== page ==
The second regional consultation of the WCD focused on Latin America on 12-13 August and was held in São Paulo, Brazil. It aimed to encourage:

•Participation from a broad range of interested parties to inform WCD’s work.

•A public exchange of ideas and views among constituencies in the region.

•Development of a shared knowledge base.

From more than 80 submissions, 34 speakers were selected by the WCD from across Latin America to present their views. The presenters came from more than 12 different countries on the continent and represented a range of stakeholders in the debate, including public officials, business leaders, officials from international development agencies, scholars, and representatives of NGOs and social movements. In total, 650 people attended the first day’s sessions and over 250 attended the following day.

Past experience

Dams play a major role in electricity supply in Brazil and to varying degrees in other Latin American economies. The needs of development and growth dictate that energy demand will increase, moderated by increased energy efficiency. A variety of views emerged on the role that dams will play in satisfying future needs, particularly for electricity supply.

Dams have benefitted industry and cities and the overall development of the country, but the costs have been born by local communities affected by projects. Many of the country presentations reflected the feeling that there has been limited participation and little attention to measures that address local needs in the planning and development of large dams in Latin America.

Project-affected people illustrated their deep concerns on the impact of dams on local communities, indigenous people and particularly resettled populations. There are considerable concerns still outstanding in relation to past projects. In particular, they feel downstream communities have been neglected.

Participants provided a range of views on the environmental impacts of dams and the need to consider the local, basinwide, regional and international dimensions of these impacts in decision-making for new dams and the operation of existing dams.

Emerging factors

Political change in Latin America in the 1990s has led to dramatic structural changes throughout the region in industry, regulation and finance, all of which are redefining roles in planning and decision-making in the energy sector and for dams. Governments and their institutions are on a learning curve and environmental and social awareness is growing.

Regional energy networks (including gas pipelines and electricity grids) are emerging and will shape the future roles of hydro, natural gas, coal and other energy resources.

Directions and challenges

In Latin America concerns regarding significant environmental and social issues related to the management of existing dams remain unresolved, and these must be addressed alongside issues related to the development of new projects.

Experience and knowledge of the environmental consequences of dams is growing but it is still not possible to predict all the outcomes, leaving considerable uncertainties in the planning process. In the changing policy and regulatory context there is need to clarify the roles of the government, private sector, civil society and project-affected people in the planning process (as well as to resolve outstanding problems).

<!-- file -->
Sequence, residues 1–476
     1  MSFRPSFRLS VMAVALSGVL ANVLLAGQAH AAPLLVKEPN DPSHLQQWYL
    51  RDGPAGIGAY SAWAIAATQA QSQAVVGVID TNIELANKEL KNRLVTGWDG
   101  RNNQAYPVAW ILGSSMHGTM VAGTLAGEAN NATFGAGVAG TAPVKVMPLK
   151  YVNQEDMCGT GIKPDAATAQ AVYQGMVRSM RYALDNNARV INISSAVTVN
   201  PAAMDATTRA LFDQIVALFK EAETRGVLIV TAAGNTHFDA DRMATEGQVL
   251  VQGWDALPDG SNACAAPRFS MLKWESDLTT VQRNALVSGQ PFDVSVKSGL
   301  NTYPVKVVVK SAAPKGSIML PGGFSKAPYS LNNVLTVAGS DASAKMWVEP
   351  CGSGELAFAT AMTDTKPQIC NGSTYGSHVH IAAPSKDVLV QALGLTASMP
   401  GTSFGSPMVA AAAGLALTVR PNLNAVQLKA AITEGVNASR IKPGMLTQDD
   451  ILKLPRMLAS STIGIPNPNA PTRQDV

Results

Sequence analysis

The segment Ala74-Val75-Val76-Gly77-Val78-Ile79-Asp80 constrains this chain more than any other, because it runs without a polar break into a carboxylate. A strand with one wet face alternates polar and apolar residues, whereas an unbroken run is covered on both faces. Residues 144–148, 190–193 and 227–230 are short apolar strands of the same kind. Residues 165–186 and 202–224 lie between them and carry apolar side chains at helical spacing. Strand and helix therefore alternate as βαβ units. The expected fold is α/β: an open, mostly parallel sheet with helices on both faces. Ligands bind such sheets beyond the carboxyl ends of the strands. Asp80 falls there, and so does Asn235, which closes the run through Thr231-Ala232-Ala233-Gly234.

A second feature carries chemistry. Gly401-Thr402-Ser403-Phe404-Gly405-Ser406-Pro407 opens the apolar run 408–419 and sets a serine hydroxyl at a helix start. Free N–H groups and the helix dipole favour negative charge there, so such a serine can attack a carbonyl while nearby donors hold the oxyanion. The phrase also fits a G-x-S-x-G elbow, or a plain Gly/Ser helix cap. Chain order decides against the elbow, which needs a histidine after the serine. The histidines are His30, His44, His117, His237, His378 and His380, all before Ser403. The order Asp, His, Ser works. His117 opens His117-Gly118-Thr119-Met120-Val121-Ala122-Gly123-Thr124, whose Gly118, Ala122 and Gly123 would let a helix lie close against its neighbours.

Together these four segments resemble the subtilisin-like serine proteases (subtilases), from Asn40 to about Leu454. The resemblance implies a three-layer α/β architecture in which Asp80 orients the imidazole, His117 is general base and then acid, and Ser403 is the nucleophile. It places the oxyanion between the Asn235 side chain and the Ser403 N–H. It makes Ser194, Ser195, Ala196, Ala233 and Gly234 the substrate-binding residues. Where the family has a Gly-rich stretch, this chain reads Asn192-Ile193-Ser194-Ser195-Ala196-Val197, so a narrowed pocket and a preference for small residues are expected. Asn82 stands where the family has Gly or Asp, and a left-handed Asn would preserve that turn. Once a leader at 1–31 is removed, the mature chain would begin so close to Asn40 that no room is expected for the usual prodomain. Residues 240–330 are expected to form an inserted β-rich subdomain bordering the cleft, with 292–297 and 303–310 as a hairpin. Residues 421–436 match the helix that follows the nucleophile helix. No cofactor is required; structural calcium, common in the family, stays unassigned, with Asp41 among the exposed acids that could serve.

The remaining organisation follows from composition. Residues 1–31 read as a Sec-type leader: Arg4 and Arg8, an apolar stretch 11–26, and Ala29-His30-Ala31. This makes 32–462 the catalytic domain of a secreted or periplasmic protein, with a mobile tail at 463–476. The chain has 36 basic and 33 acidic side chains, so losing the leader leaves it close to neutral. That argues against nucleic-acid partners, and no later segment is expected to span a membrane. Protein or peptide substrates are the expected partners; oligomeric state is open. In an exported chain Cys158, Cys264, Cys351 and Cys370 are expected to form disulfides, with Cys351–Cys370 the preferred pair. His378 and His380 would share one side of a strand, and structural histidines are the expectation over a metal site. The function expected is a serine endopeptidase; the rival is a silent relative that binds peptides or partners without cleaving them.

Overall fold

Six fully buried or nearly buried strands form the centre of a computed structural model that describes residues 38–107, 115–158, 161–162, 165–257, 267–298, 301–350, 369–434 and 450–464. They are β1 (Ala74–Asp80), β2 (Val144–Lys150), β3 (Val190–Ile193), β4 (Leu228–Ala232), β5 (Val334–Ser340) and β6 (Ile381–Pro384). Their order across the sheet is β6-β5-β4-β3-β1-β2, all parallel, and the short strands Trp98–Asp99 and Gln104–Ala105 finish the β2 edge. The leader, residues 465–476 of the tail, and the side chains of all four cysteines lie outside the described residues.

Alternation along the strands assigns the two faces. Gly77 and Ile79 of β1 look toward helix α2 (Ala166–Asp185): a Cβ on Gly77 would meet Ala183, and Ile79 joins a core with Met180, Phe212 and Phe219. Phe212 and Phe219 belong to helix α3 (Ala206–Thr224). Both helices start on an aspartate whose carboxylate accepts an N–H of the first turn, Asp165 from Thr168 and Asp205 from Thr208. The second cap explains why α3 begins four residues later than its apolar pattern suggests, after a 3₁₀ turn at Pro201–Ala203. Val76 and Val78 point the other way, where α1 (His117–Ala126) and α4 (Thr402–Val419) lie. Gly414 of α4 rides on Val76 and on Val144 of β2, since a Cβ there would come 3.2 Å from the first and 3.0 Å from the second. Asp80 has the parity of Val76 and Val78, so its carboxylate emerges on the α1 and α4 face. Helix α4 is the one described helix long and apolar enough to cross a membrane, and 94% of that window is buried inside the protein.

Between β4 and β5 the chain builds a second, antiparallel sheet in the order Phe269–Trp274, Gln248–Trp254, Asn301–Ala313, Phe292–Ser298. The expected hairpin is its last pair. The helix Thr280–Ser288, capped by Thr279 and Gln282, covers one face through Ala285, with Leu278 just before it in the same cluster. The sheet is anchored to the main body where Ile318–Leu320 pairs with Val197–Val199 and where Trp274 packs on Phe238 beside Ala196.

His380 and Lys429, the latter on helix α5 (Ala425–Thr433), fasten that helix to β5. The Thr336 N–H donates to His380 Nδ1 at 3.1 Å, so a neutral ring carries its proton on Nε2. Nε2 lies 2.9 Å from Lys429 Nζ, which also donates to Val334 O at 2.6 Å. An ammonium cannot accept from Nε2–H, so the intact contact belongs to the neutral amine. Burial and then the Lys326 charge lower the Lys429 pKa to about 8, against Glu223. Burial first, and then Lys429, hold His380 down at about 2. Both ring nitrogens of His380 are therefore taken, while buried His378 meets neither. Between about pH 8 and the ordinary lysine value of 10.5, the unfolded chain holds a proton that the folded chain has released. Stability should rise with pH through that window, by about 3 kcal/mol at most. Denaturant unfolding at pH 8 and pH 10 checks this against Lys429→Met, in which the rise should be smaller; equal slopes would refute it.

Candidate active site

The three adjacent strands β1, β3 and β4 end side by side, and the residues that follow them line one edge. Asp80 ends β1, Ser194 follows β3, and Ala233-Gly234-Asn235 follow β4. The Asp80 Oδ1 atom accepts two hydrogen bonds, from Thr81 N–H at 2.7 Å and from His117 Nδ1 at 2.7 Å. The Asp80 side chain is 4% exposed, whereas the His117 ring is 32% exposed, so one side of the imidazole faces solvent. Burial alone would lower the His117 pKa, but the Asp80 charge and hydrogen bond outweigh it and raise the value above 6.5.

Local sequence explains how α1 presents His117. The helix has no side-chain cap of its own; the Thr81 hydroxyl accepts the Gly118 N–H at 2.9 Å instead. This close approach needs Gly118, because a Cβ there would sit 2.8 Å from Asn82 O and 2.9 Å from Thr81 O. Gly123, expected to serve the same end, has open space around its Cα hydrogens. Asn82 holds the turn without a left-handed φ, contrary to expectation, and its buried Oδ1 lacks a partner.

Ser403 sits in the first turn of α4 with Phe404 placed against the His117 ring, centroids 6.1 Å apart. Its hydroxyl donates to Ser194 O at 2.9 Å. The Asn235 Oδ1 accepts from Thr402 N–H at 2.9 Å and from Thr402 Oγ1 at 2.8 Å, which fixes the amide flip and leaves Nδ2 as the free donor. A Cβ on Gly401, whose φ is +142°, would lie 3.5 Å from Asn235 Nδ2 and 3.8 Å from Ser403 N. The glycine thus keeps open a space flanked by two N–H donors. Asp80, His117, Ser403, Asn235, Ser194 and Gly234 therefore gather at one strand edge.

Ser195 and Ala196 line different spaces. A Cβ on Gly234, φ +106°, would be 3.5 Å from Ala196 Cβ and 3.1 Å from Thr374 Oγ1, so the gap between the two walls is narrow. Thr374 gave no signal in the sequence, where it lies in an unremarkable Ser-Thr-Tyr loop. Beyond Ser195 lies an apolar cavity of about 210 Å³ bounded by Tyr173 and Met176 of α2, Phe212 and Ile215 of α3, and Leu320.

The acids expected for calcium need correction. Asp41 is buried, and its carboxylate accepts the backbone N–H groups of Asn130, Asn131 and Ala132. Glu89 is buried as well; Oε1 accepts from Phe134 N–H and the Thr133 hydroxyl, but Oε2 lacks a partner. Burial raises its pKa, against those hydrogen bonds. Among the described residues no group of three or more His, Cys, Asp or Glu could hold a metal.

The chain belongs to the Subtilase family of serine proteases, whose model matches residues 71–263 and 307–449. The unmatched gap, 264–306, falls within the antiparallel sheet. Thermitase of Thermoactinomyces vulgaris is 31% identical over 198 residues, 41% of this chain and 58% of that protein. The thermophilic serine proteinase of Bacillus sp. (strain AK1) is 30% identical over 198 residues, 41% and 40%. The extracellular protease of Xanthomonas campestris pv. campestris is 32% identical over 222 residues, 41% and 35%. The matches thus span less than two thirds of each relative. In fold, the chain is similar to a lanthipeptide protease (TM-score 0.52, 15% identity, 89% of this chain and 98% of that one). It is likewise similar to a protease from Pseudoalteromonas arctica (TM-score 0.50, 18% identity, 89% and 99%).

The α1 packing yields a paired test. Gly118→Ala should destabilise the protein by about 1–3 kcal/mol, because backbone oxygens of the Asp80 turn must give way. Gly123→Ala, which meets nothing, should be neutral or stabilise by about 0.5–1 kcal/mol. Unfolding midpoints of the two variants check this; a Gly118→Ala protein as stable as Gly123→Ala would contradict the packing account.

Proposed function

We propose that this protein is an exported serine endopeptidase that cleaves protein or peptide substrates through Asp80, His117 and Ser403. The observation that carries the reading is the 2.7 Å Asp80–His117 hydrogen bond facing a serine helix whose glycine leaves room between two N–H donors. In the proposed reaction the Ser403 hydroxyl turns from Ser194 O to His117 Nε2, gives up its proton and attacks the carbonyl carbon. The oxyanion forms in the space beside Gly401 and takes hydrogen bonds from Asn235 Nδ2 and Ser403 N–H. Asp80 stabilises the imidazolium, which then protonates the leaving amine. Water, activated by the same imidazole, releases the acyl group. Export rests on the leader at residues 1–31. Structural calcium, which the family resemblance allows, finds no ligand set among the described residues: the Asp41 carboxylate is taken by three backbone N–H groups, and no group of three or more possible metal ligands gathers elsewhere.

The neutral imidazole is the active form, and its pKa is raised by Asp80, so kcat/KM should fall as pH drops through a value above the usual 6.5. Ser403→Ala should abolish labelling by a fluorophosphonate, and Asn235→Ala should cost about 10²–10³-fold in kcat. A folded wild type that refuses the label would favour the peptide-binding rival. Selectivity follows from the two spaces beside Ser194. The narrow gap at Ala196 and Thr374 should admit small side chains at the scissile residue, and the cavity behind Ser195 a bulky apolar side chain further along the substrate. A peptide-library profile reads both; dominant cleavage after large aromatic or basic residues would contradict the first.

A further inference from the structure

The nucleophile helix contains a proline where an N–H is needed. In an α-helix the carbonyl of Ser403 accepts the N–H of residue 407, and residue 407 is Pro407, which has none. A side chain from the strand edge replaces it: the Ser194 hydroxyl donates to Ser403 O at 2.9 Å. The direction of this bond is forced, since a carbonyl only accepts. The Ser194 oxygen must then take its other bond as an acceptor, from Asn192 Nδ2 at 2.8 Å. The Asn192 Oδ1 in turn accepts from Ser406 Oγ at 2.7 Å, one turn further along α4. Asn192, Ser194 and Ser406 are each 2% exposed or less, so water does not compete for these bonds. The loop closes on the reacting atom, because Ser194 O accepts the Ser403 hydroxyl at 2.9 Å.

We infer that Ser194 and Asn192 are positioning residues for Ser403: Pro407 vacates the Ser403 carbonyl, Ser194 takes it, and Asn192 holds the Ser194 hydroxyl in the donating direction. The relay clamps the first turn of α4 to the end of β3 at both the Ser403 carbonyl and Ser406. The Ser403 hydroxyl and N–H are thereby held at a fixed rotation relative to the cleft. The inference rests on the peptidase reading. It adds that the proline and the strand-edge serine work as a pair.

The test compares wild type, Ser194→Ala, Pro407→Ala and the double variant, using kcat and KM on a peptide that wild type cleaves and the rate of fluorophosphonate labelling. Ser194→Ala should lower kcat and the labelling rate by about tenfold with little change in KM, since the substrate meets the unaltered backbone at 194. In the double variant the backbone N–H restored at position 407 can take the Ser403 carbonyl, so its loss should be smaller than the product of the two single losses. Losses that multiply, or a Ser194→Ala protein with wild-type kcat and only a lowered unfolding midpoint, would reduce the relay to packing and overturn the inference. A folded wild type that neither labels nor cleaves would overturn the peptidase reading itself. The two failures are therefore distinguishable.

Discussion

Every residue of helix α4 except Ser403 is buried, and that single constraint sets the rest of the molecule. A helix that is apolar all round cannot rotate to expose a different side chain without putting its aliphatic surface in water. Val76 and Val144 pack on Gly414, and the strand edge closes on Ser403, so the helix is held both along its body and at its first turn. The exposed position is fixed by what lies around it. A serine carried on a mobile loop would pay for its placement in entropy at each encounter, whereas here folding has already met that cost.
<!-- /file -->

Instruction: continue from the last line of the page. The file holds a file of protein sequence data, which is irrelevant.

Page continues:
A number of examples of innovative compensation mechanisms exist in the region and these need to be reviewed, with experiences fed back into the planning process. Careful assessment of renewable energy options which match local needs and priorities must be integrated with an evaluation of the potential of clean development mechanisms, to influence technology choice based on international demand for clean energy sources. A major challenge is to implement, monitor and enforce emerging policies and regulations addressing the various environmental and social concerns, while recognising their differences in local contexts.
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Focus on Latin America

Presentations at the Latin America consultation were divided into seven themes.
The panel entitled Large dams and their alternatives in Brazil gave various perspectives from a public sector utility in Brazil, a dams-affected peoples’ group, the Brazilian chapter of ICOLD and the academic community.
Large dams and their alternatives: future energy trends represented the views of a national electricity regulatory agency, an alternative technology group, an energy efficiency research institute and a regional internal lending institution.
Large dams and indigenous/traditional people had speakers from NGOs and dams-affected people from Panama, Guatemala and Brazil. An academic perspective on a Mexican case study was also given, while a representative from a Brazilian public sector utility spoke on the utility’s experience in dealing with indigenous communities.
The remaining panels focused on Large dams and the environment; Large dams and their alternatives: social and resettlement Issues ; Large dams and decision making: conflict and negotiation, and Large dams and decision making: policy and institutional frameworks.
In summary, the consultation provided the Commission with a number of views and perspectives on the past, the present and the future.
To date WCD has held two successful consultations (South Asia and Latin America). The Commission has now issued a call for submissions for the third regional consultation on Africa/Middle East, which is scheduled for 8-9 December 1999 in Cairo. The deadline for submissions is 25 October 1999. Documents can be accessed from the WCD website at & submissions. For information contact: Saneeya Hussain at WCD on tel: +27 21 426 4000, or fax: +27 21 426 0036, or email:
Other important dates for WCD include February 2000 when the East and Southeast Asia consultation is scheduled, while the WCD advisory forum is set to meet in April 2000.